Images of the Sacred King[edit]

Moore and Gillette avoid associating the King archetype with historical men, preferring mythological, religious, and legendary figures. While acknowledging ways in which King energy has been expressed through individual men, the sacred or archetypal King is almost always a transcendental figure in order to discourage identification with the King by living men, who tend to become "inflated" and "grandiose."[17] This was often accomplished by making the human king a "representative" of the sacred king in heaven.

Examples of the Sacred King include:

Additionally, the reverence with which most national leaders are treated by the majority of their people, even in democratic societies, is advanced as evidence of a kingship tradition living on.[30]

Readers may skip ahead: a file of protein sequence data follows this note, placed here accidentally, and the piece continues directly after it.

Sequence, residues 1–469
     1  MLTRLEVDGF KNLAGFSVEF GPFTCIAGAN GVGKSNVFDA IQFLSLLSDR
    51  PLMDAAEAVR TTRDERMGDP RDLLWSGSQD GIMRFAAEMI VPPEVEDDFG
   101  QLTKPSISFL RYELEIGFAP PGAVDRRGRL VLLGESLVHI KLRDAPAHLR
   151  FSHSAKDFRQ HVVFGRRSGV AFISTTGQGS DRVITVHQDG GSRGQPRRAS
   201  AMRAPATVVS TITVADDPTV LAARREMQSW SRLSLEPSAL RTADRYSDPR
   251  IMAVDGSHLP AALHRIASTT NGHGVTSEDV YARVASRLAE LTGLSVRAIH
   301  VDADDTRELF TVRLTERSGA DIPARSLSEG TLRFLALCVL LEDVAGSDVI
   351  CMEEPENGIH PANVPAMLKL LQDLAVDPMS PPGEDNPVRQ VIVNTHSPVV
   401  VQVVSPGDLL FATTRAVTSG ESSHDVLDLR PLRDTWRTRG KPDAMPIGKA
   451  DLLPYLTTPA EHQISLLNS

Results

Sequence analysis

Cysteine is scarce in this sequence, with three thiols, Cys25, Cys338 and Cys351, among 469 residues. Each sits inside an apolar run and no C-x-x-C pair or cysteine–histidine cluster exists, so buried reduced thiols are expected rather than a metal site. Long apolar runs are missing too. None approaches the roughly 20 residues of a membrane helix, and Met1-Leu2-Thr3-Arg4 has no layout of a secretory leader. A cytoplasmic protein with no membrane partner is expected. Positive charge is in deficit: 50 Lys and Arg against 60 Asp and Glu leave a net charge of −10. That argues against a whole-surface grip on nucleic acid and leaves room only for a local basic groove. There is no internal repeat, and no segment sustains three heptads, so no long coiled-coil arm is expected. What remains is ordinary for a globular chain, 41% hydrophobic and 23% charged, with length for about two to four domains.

Accessing King Energy[edit]

Moore and Gillette recommend accessing King energy in a similar fashion to how Divine Child energy is accessed: by touching upon it without identifying with it.[31] This is because identifying with the Sacred King is a quick way to let the archetype usurp the individual and become the Tyrant.

[When] we are accessing the King energy correctly, as servants of our own inner King, we will manifest in our own lives the qualities of the good and rightful King, the King in his fullness... We will feel our anxiety level drop. We will feel centered, and calm, and hear ourselves speak from an inner authority. We will have the capacity to mirror and to bless ourselves and others. We will have the capacity to care for others deeply and genuinely. We will "recognize" others; we will behold them as the full persons they really are. We will have a sense of being a centered participant in creating a more just, calm, and creative world. We will have a transpersonal devotion, not only to our families, our friends, our companies, our causes, our religions, but also to the world.[32]